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Two brides walk towards each other after their wedding ceremony in a library

This was the brides’ exit after their ceremony in a historic library. I don’t shoot many indoor ceremonies these days and we hadn’t discussed how the ceremony would end, since it had been written by their friend and was a surprise for them too. But at the end, they turned to exit before their guests, so I ran out to catch the shot of them leaving as a newly married couple.

Before the ceremony, I had asked them to walk extra slowly into the ceremony, but by the time the ceremony was over, they were back to normal walking speed. I would have loved to have been able to ask them to slow down a little, but this was a pure documentary shot. I was walking backward and just capturing them as they walked towards me.

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How did you compose your image?

This location was an important part of their wedding story, so it was important to capture a wide shot of the room. This was a perfect opportunity to not only capture the room in all its glory but also to tell a story about what had just happened inside it.

In terms of the framing, with classical architecture like this, I’m looking for leading lines, symmetry, and frames within my frame. I wanted to make sure I was standing in the middle of the frame (in the end I was slightly off but close enough) and I knew I wanted to catch them an equal distance apart from one another as they walked out, not too far that there was no connection between them but not too close that they became one subject. I also wanted to make sure you could still see the scene that they were leaving behind them – their family and friends still emotional after their ceremony.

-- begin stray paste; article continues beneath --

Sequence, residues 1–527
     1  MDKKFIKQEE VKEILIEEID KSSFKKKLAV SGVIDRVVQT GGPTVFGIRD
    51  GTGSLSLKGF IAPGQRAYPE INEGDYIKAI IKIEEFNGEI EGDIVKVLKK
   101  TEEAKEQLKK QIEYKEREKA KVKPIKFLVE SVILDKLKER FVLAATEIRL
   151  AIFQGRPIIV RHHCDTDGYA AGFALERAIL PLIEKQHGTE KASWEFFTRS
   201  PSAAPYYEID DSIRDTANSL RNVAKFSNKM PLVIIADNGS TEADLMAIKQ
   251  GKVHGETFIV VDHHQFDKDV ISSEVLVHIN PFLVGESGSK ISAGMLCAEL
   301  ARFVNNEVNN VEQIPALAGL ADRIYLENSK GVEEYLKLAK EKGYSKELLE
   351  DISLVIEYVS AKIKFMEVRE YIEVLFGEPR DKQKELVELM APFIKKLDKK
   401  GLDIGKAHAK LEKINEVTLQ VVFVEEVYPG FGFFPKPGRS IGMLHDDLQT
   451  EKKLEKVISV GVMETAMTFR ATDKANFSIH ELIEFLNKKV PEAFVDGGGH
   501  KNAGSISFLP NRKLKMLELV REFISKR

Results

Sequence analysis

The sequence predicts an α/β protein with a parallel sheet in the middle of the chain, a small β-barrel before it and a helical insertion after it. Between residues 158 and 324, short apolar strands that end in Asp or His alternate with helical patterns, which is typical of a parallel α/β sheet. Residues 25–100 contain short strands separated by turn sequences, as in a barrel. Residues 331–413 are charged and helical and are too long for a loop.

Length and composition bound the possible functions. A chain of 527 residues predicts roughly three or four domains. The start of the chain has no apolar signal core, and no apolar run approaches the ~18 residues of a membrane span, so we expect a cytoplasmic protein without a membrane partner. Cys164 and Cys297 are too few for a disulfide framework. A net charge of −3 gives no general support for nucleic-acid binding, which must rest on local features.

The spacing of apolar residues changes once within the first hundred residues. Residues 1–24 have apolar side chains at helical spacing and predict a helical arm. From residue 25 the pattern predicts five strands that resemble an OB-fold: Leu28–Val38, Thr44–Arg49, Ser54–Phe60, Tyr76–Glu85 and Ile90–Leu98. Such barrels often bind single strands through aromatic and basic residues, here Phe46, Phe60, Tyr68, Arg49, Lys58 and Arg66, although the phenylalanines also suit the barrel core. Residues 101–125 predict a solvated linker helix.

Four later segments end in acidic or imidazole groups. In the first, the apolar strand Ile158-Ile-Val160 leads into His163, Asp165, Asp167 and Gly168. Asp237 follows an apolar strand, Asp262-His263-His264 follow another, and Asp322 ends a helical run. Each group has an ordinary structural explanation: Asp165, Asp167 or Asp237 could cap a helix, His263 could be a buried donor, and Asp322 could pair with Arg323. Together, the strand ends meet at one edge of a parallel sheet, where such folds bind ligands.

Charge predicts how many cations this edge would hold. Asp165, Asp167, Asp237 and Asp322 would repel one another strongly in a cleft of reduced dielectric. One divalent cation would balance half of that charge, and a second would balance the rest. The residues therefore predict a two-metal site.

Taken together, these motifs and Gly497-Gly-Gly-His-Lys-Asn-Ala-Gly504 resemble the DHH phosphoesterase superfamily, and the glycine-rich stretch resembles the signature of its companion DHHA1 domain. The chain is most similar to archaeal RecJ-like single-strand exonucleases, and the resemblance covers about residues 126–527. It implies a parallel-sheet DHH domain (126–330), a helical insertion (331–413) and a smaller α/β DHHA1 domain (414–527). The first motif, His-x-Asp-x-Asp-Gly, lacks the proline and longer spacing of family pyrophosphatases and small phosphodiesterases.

How and what did you focus on?

For Jamie and Liz’s exit, I switched my focus to AF-C (continuous) with face detection but kept it on a single point as I wanted to make sure that the focus didn’t get pulled to one of the guests instead of one of the brides, especially since they were moving towards me and into the shadow, as I was standing in the entrance doorway. Because of the relatively slow shutter speed I was using (1/250), I didn’t want to use burst mode as they exited, so while I took a few shots of them as they walked out, I was shooting single frames, so I pretty much had one or two attempts at getting the timing right


How did you use the light in your image?

The only light sources were coming from the windows around the outsides of the room, with the brightest area at the back of the room where they had just come from and to the right. Being winter in the Alps, and with slightly overcast skies that day, the light was fairly even but the room was pretty dark which was a challenge for shooting moving subjects.

Two brides walk towards each other after their wedding ceremony in a library

What was the gear & settings you used?

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Fujifilm X-T3